7.49 p.m.

My hon. Friends have raised many important issues, though I do not accept the sugges- tion that local government in this country is the guardian of the liberties of our citizens. The opposite is true—and that applies to both parties at local level. The guardians of the liberties of the people of this country are this House and, for the time being, the place along the corridor. I do not push that too hard, but it is important in this debate. While we still have a House of Lords, it is important that the people of this country are able to use both Chambers to put their case on private and on public legislation.

Several organisations have had no opportunity to put their point of view to noble Lords. If they had done so, we would probably not be having this debate because I am sure that those noble Lords who are not partisan and who lift themselves above the cut and thrust of party politics would have seen sense and removed these clauses. We shall not be able to find out whether that is so if the carry-over motion is passed.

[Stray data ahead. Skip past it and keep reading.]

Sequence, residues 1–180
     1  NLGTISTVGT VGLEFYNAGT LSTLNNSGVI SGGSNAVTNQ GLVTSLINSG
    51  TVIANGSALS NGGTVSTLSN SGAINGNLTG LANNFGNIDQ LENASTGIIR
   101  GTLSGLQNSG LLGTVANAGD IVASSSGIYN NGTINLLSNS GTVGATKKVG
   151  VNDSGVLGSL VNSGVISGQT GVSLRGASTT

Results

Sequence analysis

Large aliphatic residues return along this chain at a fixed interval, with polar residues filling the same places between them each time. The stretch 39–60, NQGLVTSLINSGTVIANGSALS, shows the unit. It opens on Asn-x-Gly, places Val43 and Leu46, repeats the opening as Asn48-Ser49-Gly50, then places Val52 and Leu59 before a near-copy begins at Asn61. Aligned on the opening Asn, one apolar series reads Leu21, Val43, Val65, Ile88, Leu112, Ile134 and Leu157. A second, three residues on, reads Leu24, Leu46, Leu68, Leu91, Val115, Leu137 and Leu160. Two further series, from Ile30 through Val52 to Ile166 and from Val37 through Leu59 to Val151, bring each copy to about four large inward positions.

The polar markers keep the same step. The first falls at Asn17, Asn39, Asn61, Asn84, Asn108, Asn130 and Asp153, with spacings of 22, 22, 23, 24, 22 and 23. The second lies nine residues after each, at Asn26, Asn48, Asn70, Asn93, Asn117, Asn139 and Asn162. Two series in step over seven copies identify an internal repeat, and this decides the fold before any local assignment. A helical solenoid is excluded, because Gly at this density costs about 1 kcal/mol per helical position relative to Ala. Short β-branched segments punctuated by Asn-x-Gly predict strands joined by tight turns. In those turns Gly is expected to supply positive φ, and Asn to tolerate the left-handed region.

The Cheshire county council circulated a letter to Cheshire Members indicating that they ought to vote for the carry-over motion and claiming that my hon. Friend the Member for Stockport, North (Mr. Bennett) and I do not like one of the clauses in the Bill. That is not strictly true. There is a clause in the West Midlands Bill to which I take even more exception than I take to the clause dealing with processions.

I am not irresponsible and I shall not seek to use that clause as a plank for throwing out the Bill because the people involved with that clause—the licensing justices in Birmingham—have had an opportunity of putting their case to noble Lords. The clause will open a gate to allow criminal elements to take over late-night drinking establishments in Birmingham. It will go through this House over my dead body and over the bodies of the lawyers and teetotallers who want to support the justices in Birmingham over the Bill's provisions. However, the licensing justices have at least had an opportunity to make representations to their Lordships.